Purveyors of 60’s influenced California Sound and Mersey Beat, The Roves took their self-titled debut album on the road across Europe, stopping off in Holland, Germany and Switzerland. Tom Wing shares that experience with us.
How did you decide to go on this tour?
The Roves went on this tour purely to promote our first LP, in the last gasp of summer before we go back in the studio to mix the second record. So watch out for Part 2 of The Eurosafari coming soon.
When we went on a little trip to Germany in May to plug the album, we had such a good time that we wanted to come back on a longer tour, and we were really lucky that it happened. It was very spur of the moment.
What was the experience of touring Europe like?
It was so much fun. I’m not sure what it looked like from the outside… probably no big deal to anyone else. Considering touring isn’t that hard to achieve IF you’re persistent enough to book it. But we had a fucking great time.
I don’t mean to be coy when I say that it isn’t that hard to achieve. Of course its hard to get on a tour, it’s just that a lot of unsigned bands do it, and obviously, its par for the course if you’re going to start playing music together.
The promoters and staff at the venues were very hospitable, friendly and treated us exceptionally well. We met plenty of interesting and funny characters, eccentric being the operative word. The smaller towns had the most personality. We got a kick out of it.
…and the size of the crowds?
Attendance speaking, the audiences were mixed. One night we might play to a full house and the next it might be 5 people watching us, but they were always very receptive. People were enthusiastic about the group, they got into it. Which is always nice.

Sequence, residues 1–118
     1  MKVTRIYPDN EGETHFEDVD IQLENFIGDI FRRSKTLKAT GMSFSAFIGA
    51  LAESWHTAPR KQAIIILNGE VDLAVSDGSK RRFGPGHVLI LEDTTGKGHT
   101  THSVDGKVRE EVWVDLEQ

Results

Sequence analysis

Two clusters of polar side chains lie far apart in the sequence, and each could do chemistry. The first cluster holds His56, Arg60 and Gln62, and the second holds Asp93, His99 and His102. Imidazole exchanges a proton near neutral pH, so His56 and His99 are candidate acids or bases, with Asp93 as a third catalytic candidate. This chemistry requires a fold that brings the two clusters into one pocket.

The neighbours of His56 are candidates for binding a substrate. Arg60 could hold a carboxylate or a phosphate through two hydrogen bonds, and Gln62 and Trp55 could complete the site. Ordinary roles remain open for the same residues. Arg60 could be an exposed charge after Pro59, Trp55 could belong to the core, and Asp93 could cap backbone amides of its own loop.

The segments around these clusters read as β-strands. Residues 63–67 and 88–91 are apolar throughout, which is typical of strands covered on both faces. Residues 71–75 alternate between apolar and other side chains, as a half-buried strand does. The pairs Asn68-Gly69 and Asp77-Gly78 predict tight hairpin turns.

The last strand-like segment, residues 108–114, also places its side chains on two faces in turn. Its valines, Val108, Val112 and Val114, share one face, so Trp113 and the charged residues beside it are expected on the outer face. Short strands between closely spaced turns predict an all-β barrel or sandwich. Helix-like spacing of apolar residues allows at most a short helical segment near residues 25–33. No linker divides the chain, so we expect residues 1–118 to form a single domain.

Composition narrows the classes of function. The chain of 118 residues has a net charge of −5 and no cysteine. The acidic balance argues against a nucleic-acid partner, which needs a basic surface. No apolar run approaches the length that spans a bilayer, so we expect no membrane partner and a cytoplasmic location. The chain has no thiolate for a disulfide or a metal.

What bearing do you think the tour will have on the band?
I think it made us all tighter, not just musically speaking but in our relationship. Being on the road for that long in each others pockets either draws you closer together or splits you apart and I think we spent a lot of quality time together.
It probably helped that we all really like each other as people. Plus a close friend of ours called Felix Holt (who is also an incredible singer-songwriter I might add) was driving us around, and he was good company too. There were memories that I will cherish forever from this tour and plenty of laughs to go with it. I’ve been on tour before with people I don’t get on with, and its horrible – you get used to thinking
I’ve been on tour before with people I don’t get on with, and its horrible – you get used to thinking that’s what touring is like, like a chore. This definitely wasn’t. Just going on the road has generated a bit of interest in us, I’ve seen a difference. Maybe it shows you’re a bit more legit if you get something like a tour under your belt. Perhaps people are now taking the band a bit more seriously. I don’t know for sure, but I guess it bodes well for the future.
What are your thoughts on the music scene in Europe?
I suppose we only got a little taste of the music scene on our 8 or 9 days through the continent, but it’s marvelous. Maybe it’s just that we were away and it felt more like a holiday. All I can say is that the treatment you get in Europe is far better than in the UK. That kind of goes without saying I guess. The treatment is always better for bands that play abroad, whether it be from the UK or to the UK from another place. A taste of something different perhaps.
So you would tour Europe again?
Definitely, as soon as we can, and we would definitely advise other bands to do the same if they get the chance. You’ll have the time of your life if everything is in the right place.
Any tips for surviving on the road?
Luck, that’s all I can tell you. We were extremely fortunate we never ran into any trouble. No breakdowns, no customs. It all went smoothly. We had luck on our side. Plus some good music and good vibes help. If the chips are looking down, don’t let it affect the mood and stay positive.